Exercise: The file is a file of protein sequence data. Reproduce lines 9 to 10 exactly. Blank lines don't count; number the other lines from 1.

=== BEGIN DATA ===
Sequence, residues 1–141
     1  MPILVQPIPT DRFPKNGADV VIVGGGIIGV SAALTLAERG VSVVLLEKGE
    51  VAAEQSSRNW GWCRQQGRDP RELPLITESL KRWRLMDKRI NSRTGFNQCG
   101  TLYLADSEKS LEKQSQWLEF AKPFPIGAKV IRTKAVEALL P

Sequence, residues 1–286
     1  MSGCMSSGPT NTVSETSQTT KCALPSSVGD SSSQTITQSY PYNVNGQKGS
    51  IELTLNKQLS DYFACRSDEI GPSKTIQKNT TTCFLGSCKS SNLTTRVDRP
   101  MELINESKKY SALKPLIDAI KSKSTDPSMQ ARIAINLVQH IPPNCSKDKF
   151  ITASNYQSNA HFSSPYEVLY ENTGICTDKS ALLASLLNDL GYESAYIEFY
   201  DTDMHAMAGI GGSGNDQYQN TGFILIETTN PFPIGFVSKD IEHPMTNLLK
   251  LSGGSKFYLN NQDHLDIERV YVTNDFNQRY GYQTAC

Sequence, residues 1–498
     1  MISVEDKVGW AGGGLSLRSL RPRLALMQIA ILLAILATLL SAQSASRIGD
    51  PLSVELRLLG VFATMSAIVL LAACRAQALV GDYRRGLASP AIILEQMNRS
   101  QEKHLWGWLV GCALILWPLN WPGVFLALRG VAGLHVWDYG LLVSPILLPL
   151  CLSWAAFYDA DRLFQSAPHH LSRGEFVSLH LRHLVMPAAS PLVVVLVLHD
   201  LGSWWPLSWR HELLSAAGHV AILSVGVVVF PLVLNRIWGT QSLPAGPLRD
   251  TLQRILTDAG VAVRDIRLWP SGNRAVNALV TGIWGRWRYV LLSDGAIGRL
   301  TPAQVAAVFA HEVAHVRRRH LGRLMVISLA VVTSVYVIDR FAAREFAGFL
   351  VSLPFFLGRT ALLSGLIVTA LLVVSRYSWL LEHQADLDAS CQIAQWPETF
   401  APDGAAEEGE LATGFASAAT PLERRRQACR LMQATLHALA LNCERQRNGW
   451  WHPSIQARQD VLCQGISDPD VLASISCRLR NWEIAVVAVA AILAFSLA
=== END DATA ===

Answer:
   151  ITASNYQSNA HFSSPYEVLY ENTGICTDKS ALLASLLNDL GYESAYIEFY
   201  DTDMHAMAGI GGSGNDQYQN TGFILIETTN PFPIGFVSKD IEHPMTNLLK